© Mercator, Gerardus, Ortelius, Abraham (16th Century AD), Belgian coast
During this era of climate change and associated sea level rise, it is vital to develop a sustainable relationship with the sea. This will pose a major challenge in the future, especially for Flanders and the North Sea. However, this is not the first time that relative sea level rise threatened the coastal plain and its inhabitants. For thousands of years, living close to the sea has been risky. Both research into past environmental conditions and the evolution of the coastal landscape, and how people adapt to life in coastal regions can help us understand sustainable management of the coastline in the future.
The aim of the Testerep project is to capture the evolution of the Flemish coastal landscape over the last 5000 years in more detail. Both in time and space. In this way we will gain more insight into the impact of natural changes (e.g. sea level rise) and human interventions (e.g. construction of dikes) on the morphodynamics of the coast.
To this end, the project focuses on one piece of the Flemish coastlinein particular: The former Testerep peninsula. The southern part of Testerep has since been transformed into polders and beach, while the northern part, including medieval Ostend, was swallowed by the sea.
… for policy makers, blue economy
and the general public
To study the evolution and eventual demise of Testerep over the past 5,000 years, scientists will supplement and analyze existing data on ancient natural and human landscape features with new terrestrial and marine data (see 'Research'). The scientific data and knowledge acquired within the project will be passed on to various stakeholders from the policy and the business world and the general public (see 'Valorisation'). To this end, the project will focus strongly on the translation of the acquired knowledge into visualizations and communication products (see 'Results'). In this way, the Testerep project will be able to raise awareness among the general public about coastal dynamics and vulnerability, stimulate tourism, support heritage management and provide insights for sustainable coastal management in the future.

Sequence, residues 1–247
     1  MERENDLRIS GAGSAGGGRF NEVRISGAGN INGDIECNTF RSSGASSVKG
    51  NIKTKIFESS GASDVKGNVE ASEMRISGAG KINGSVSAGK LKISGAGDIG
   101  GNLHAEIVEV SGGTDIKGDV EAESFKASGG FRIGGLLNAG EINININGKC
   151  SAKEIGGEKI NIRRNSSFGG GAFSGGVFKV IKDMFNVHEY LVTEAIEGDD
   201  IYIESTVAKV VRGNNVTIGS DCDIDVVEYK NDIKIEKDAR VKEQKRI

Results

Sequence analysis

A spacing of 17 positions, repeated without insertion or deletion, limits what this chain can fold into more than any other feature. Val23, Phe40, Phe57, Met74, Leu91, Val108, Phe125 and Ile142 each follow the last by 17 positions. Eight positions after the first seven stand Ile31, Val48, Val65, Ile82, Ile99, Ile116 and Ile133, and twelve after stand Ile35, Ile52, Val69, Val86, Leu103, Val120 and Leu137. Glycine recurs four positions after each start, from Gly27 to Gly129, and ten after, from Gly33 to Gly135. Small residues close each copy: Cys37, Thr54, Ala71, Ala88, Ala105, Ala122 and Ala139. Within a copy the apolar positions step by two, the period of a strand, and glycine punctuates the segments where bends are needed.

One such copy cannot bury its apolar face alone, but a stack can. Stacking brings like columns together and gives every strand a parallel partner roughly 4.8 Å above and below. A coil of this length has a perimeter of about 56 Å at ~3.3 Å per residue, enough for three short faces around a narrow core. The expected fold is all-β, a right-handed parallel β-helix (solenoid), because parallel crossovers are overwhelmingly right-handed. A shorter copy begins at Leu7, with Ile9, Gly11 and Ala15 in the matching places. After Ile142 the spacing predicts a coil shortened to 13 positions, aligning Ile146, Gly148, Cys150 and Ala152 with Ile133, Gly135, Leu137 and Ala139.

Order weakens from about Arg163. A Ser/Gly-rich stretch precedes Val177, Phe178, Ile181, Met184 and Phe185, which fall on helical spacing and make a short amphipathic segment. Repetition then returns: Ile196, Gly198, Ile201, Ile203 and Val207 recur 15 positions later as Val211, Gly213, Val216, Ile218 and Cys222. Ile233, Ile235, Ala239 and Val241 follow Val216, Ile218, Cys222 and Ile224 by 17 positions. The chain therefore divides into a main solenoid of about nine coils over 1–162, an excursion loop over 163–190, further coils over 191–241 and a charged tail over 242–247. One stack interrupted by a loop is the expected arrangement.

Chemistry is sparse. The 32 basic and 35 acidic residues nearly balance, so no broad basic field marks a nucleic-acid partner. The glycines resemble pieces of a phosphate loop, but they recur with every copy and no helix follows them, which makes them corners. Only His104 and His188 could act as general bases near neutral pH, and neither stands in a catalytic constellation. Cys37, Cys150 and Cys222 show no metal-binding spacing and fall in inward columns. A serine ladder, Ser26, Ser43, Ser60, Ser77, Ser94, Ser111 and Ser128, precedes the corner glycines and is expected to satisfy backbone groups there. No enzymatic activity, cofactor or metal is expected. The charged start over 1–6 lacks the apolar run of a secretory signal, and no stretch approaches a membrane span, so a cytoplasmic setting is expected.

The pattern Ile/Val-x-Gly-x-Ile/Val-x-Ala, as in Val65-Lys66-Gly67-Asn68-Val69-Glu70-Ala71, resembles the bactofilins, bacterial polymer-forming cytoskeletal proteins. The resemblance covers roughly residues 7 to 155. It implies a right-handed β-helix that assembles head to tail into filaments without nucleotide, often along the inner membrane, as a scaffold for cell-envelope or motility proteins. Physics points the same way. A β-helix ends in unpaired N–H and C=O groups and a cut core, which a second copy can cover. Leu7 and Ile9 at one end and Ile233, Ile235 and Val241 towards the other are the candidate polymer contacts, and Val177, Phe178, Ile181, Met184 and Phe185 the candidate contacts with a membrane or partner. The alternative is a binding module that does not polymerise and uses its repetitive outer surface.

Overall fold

Expertise: Terrestrial data en archeology
More information about the Vrije Universiteit Brussel (VUB)?
Expertise: Marine en intertidal data
More information about the Flanders Marine Institute (VLIZ)?
Expertise: Hydrodynamic modeling
More information about the hydraulics and geotechnics department of the KULeuven?